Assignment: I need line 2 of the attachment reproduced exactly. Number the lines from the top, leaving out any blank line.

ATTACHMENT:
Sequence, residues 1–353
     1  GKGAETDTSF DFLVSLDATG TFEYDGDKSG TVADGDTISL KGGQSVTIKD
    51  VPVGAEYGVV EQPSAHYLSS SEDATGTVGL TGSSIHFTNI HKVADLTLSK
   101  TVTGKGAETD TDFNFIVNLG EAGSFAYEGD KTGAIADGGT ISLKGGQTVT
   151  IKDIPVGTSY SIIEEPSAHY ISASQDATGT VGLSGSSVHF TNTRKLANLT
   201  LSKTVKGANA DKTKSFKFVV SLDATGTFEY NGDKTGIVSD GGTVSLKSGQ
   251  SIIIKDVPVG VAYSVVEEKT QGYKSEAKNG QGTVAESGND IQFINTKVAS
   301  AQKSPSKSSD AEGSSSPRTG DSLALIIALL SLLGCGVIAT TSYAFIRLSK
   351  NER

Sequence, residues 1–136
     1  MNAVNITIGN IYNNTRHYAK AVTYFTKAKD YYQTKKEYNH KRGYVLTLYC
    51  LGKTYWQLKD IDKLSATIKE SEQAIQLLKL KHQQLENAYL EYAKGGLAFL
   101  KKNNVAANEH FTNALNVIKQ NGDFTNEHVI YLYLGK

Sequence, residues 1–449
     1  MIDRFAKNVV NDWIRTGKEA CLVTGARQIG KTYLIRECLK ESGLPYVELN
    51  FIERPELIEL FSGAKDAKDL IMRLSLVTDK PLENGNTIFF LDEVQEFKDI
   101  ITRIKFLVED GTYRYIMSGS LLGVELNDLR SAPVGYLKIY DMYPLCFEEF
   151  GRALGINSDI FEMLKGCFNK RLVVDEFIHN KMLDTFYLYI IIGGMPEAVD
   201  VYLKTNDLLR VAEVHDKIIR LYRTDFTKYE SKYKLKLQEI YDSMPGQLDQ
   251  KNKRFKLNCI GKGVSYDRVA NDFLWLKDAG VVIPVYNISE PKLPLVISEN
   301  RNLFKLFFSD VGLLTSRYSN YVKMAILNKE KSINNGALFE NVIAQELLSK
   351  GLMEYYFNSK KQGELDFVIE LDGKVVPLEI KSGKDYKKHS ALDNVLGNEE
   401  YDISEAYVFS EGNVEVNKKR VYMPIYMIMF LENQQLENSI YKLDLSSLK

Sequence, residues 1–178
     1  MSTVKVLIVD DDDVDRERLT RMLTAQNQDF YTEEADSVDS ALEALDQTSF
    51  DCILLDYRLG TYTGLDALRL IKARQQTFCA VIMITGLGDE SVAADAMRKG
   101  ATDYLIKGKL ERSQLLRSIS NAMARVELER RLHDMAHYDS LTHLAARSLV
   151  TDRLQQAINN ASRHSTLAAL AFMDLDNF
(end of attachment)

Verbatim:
     1  GKGAETDTSF DFLVSLDATG TFEYDGDKSG TVADGDTISL KGGQSVTIKD